All museums, cinemas, restaurants and cafés are closed and all non-essential shops. My dance class has been suspended and my local swimming pool is closed. But I am carrying on with my gymnastique douce (gentle exercise) and sophrologie (relaxation through breathing and meditation) classes on Zoom, as well as with my university class in literary theory. The Barthes-influenced reading list for this class, called ‘Penser l’objet’, is nearly killing me, but lockdown has already had some good effects. It’s easier for me to speak up in French when I can see everyone’s face, and that is better on Zoom than in the classroom, where French students have a tendency to sit in rows. I have been forced to read extracts from Proust and have overcome a lifelong reluctance to even open  A la recherche du temps perdu. And on being invited to write and read out a Proustian description of an object, set as optional homework, I rediscovered parts of my brain that I haven’t used since ‘A’ level. Unlike the literary theory, that exercise took no time at all and it was fun. Now that I and the class know that I can write creatively in French, even though I speak it with an English accent, I feel much less like a foreigner.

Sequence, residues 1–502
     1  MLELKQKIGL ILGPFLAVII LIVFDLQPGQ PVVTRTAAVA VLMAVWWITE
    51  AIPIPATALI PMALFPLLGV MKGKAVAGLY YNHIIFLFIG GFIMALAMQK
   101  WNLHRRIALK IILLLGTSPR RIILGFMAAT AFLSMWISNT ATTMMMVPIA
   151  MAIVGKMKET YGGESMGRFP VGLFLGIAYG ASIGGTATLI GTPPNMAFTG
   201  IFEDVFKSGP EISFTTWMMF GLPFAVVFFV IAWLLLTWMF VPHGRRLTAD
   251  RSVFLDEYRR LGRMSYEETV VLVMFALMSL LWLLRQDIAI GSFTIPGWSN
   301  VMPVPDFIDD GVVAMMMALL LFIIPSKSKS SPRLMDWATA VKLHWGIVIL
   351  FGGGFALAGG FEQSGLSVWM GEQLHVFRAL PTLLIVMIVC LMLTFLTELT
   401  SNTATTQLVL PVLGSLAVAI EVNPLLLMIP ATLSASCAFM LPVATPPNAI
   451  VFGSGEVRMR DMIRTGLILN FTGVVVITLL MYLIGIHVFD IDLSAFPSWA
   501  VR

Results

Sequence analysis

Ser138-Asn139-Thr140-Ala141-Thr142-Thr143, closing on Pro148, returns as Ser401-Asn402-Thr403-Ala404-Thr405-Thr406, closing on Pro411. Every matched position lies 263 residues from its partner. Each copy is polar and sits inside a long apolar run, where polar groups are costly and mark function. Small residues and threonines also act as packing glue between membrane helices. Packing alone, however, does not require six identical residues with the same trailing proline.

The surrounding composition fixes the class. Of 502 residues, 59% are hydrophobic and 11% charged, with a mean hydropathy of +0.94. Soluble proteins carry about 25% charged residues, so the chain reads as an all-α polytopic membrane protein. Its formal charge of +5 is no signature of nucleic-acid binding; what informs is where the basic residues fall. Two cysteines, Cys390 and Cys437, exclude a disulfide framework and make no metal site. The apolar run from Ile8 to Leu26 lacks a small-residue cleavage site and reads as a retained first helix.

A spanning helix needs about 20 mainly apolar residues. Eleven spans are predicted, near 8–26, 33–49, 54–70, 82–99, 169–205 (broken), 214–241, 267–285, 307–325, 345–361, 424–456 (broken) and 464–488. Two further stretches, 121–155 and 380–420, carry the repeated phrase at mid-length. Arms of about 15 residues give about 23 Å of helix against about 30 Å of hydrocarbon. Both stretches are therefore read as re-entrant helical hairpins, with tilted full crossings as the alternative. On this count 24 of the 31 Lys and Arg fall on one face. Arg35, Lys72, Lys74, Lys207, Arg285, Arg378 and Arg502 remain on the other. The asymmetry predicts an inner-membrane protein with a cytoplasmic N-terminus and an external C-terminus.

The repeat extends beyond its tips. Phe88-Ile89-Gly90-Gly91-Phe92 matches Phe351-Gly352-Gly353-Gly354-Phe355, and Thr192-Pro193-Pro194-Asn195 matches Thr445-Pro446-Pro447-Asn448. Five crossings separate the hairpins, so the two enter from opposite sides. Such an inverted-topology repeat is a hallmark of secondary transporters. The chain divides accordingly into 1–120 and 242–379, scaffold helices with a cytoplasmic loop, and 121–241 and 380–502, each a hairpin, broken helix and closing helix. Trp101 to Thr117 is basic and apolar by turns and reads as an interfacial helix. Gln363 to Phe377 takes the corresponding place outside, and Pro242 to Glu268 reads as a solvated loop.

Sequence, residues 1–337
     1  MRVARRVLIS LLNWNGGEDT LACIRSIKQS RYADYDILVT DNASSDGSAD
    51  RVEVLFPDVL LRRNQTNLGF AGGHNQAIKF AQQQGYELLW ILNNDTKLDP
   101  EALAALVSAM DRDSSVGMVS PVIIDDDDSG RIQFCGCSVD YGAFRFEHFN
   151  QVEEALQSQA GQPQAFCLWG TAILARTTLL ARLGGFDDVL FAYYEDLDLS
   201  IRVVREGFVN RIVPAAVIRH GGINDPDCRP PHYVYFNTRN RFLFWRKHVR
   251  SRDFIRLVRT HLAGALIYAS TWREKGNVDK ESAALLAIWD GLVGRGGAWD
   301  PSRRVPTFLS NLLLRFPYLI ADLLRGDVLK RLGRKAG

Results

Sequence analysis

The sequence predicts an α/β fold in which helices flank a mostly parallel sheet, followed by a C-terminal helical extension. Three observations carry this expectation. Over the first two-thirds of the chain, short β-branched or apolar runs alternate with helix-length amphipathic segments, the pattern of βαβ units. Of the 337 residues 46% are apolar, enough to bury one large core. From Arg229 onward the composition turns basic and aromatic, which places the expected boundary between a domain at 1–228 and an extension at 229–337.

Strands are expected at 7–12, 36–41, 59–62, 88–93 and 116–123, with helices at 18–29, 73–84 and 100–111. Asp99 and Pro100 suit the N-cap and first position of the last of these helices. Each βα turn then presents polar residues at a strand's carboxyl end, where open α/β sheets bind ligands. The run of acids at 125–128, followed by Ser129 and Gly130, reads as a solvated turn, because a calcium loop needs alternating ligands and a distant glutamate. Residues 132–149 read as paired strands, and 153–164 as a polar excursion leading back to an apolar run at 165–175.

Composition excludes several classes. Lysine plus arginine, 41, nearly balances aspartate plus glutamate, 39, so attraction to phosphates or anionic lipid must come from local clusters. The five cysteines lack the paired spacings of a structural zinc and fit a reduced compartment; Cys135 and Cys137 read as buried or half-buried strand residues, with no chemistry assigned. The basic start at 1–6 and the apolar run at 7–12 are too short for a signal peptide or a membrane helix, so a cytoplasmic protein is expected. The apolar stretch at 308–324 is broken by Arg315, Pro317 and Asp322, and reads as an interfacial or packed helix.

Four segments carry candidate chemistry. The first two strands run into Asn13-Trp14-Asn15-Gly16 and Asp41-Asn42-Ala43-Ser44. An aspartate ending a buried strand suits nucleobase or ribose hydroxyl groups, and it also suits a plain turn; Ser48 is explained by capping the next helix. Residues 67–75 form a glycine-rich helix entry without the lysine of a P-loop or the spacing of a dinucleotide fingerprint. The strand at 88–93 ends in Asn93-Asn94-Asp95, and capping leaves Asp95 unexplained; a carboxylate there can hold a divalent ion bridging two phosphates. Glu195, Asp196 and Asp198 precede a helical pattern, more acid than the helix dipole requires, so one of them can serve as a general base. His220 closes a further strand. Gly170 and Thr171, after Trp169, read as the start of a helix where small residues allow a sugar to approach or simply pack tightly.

As for my beginners’ class in modern Greek, I have never met the other students or the teacher. We correspond by email and are sent audio clips. My homework is returned promptly every week with detailed encouraging comments. I haven’t had this level of teacher attention since leaving university and I am thriving on having a simple but challenging set task to accomplish every week, translating from French to Greek.